You should read the history of Social Security. Perhaps next time you won’t make these terrible claims.



I agree this is a much better data set, if it exists. I have looked in the past and not found it. Have you found that data?

Google tells me that in 1940 222,488 people got social security checks. Similarly the population in the 1940 censes list as 132,164,569. My calculator say this is 0.17% of the population.

Bing say that 16.5% of current US population is over 65

I seriously doubt that anybody in the presentation of push for social security in the 1930s thought the program should be available for 16.5% of the population.


Less than half of the population was even covered by Social Security when it began. Agriculture workers, for example, were ineligible. So were Federal government workers - and state - and local. Women were almost universally ineligible, unless they had a full time job which, at the height of the Depression, was a laughably small number. Anyone who had what we would call today “gig work” was ineligible, i.e. “part time” or “temporary” jobs. That, of course, involved most of the construction trade, farm workers, people who could not find regular work, and nearly all minorities (many of whom were employed as domestics and whose wages went unreported.)

So when you divide the “total population” by the “number of checks” your answer is off by several orders of magnitude.

I would also caution you about extending the fallacious reasoning to today, because we are in the middle of a once-in-a-millennium event: the baby boom bulge working its way into their retirement years. So the “number of checks” is artificially inflated while the “working population” is somewhat smaller. The good news is that this will pass, but not before there is some pain, albeit temporary. The other bad news is that yes, people are living longer - but not really by that much. While the average age at death is up almost 20 years, the average age of death of those who reach adulthood is only up about 5.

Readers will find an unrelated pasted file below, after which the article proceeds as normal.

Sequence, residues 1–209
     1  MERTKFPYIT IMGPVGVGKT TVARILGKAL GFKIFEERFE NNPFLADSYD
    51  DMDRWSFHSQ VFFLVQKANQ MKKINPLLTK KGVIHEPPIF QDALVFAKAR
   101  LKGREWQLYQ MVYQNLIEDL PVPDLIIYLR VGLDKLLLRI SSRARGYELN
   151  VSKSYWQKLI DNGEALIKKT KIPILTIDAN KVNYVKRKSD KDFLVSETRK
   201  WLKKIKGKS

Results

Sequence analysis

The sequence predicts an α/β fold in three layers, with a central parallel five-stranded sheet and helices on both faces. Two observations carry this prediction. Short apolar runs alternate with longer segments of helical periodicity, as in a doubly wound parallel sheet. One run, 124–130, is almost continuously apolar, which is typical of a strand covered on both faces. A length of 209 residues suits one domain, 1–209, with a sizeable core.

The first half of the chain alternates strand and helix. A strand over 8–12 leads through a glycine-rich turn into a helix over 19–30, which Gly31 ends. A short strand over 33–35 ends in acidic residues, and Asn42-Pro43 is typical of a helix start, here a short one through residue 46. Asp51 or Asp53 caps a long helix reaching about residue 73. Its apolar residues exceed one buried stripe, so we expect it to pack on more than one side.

We discussed it several times on the old MeTAR board, which is now disappeared. I’ll look for it again, but it exists.

Again I refer you to the page on the history of the program.

In May 1937 … the Senate Committee on Finance and the Social Security Board jointly appointed an Advisory Council on Social Security. This outside advisory group, which would be the first of many to study and make recommendations concerning Social Security over the years,* was instructed to study possible ways of making the program more fully effective sooner than contemplated under the 1935 law.

Social Security History

The program “contemplated” supporting people in old age, rather than having them live in poor houses or in their daughter’s attic. It didn’t cover women, but now it does. It didn’t cover farm workers, but now it does. It didn’t cover government workers, but now it does. (Etc. etc.) Those people did not “pay in”, but now they do. The program is probably the most effective social program in the country - but not perfect, but whose defects are manageable.

16% is a little high, but not terribly (especially considering the covered populace has essentially doubled by adding women), and will come down a little over time. There are solutions - fairly easy ones (but not politically easy). In this form of government we rarely take action until a crisis is upon us (see: Pearl Harbor, road building, unions, slavery, Sputnik, etc.) I have hope that this will be handled when it finally reaches that point.